‘Empire’ by Devi Yashodharan
Devi Yashodhran’s debut novel, a historical fiction, that will teleport you to the time of Cholas and to their port city Nagapatinam.
Author: Devi Yashodhran
Rating : 3/5
It is the 11th century, Rajendra Chola is at the peak of his power. A Greek pirate ship sails in to loot the richness of the port Nagapatinam . Brutally assaulted by the Cholas, they surrender. They are forced by Anantha, the Supreme commander of the Cholas, to pay a compensation and there starts the story of our central protagonist, Aremis.
Aremis is a 11-year-old girl, Greek by origin, but a homeless in the city of Nagapatinam. She is quick-witted. A trained sword fighter. Tall with broad shoulders, copper colored braids, and a pale complexion, she draws attention quickly out in the streets among the Cholas. People call her not by her name, but “yavvani”. The foreign one.
Aremis gets trained to become a warrior along with the other Chola students. She is a woman with a dagger and bow. Impressed by her outstanding gallantry during the day of the final tournament, the king chooses her to be the throne guard. She slowly grows to be an asset to the Cholas, the only woman warrior in the palace. But, she is treated as an immigrant, and she faces perpetual hurdles in the patriarchal society. A woman of courage and valor, the emperor trusts her and then her life takes unexpected turns when she steps forward to help Anantha. She is expelled from the palace and from her post. The rest of the story is how she manages to prove herself as an essential person in the court and in the brutal war that is waiting ahead.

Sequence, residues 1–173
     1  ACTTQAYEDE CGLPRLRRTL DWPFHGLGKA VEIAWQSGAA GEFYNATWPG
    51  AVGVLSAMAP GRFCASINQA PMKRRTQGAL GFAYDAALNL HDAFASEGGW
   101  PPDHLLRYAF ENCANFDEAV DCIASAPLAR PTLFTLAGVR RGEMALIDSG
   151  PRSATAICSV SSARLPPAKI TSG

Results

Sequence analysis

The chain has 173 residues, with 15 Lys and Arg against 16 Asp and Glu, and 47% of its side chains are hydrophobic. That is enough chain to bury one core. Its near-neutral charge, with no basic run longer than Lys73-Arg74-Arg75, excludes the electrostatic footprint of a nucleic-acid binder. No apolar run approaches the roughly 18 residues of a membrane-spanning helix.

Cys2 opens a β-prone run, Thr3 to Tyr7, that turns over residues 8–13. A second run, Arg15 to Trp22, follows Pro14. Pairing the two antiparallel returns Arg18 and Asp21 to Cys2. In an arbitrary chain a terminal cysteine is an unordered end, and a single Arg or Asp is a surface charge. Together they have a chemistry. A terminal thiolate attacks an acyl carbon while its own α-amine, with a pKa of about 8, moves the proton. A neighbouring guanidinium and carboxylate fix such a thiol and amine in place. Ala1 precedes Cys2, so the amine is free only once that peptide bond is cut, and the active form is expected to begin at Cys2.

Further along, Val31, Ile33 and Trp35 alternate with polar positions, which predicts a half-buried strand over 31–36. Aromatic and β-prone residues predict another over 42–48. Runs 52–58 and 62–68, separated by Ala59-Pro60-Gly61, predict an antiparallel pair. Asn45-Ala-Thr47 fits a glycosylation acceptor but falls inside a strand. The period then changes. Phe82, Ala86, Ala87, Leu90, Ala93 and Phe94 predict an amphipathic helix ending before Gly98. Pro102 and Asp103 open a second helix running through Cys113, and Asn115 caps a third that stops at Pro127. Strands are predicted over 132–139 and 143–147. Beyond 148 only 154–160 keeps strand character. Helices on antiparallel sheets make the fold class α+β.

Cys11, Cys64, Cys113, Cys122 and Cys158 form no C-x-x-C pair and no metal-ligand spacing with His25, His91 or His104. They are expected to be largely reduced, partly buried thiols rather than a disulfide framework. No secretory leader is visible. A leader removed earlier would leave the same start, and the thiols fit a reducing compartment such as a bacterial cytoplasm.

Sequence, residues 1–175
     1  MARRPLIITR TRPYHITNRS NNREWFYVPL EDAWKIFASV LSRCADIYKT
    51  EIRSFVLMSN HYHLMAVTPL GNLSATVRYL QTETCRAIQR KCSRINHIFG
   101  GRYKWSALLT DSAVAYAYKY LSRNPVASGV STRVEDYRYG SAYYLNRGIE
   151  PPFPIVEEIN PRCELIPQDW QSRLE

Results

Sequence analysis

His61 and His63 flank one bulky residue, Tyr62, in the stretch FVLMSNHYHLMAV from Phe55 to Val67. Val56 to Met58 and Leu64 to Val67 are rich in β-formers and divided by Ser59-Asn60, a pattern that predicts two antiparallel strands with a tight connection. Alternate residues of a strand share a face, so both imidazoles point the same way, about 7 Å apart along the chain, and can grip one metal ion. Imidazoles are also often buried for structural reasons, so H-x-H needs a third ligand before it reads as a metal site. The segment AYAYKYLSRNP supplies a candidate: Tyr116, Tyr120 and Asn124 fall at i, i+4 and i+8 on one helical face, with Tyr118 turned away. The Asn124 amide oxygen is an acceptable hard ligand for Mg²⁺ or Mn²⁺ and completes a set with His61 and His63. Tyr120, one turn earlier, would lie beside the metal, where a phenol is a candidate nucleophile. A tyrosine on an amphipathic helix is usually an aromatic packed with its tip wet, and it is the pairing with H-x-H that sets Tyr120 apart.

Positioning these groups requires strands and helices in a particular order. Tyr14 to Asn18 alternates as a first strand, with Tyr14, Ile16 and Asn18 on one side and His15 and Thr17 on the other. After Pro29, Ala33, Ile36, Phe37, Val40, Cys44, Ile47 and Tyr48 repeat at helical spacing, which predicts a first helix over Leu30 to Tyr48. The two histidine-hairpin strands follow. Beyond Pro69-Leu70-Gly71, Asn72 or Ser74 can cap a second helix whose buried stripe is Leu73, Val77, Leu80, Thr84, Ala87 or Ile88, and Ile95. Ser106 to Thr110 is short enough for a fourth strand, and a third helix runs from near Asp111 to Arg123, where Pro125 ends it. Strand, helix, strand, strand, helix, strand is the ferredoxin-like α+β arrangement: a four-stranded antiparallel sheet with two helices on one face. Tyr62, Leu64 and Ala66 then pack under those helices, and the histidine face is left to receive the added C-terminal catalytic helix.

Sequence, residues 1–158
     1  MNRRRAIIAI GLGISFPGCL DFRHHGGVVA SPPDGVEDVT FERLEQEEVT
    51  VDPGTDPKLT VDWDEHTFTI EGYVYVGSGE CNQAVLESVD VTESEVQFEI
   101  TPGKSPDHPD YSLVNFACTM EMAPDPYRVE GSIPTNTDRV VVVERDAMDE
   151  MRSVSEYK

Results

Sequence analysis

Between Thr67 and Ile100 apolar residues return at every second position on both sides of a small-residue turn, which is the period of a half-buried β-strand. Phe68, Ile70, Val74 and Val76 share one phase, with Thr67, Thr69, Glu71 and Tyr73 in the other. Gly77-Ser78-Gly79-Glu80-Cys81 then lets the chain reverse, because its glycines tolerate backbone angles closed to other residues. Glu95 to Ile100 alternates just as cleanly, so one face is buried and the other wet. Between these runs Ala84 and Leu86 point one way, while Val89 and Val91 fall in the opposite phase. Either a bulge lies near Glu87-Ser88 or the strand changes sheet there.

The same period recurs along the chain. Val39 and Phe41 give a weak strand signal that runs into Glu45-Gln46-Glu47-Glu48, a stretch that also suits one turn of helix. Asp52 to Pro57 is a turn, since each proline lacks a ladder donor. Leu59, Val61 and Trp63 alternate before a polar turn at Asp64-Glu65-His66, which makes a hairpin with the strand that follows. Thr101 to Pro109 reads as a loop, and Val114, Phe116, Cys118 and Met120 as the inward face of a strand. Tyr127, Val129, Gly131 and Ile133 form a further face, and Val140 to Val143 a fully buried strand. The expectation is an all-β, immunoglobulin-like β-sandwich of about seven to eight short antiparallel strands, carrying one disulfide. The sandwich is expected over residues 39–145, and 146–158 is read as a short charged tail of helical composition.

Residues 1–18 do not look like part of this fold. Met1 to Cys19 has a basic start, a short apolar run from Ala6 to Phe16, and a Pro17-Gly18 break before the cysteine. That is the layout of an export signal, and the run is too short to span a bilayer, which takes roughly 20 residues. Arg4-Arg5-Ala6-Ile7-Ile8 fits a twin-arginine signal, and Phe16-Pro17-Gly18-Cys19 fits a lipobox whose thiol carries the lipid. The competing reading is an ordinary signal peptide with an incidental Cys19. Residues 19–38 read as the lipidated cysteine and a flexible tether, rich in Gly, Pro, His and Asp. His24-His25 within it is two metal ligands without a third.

The story is narrated from view point of Aremis and Anantha, in a language that’s very simple and a flow that’s not complicated. There are places where the pace slackens, making you skim through the pages. But, the last two chapters compensates for that. The war scenes and the sea voyage are beautifully portrayed. However, the end of the story is brief and abrupt. Devi’s work of weaving historical facts and fiction is impressive and deserves applaud. She takes us beautifully through the streets of the port city Nagapatinam and the adventurous of Chola dynasty that were less explored. She adds nativity to the script by using the old Tamil names like “vaithiyar”, “yavvani” that were prevalent those days.
This may not be a gripping novel that you may find difficult to detach, but will increase the curiosity to know more about the Cholas. And don’t be surprised to find the strong woman warrior flirting with the Queen’s handmaid!
Devi, are you coming with a book 2 for Aremis. ?
P.S: You can get a copy of the book from www.juggernaut.in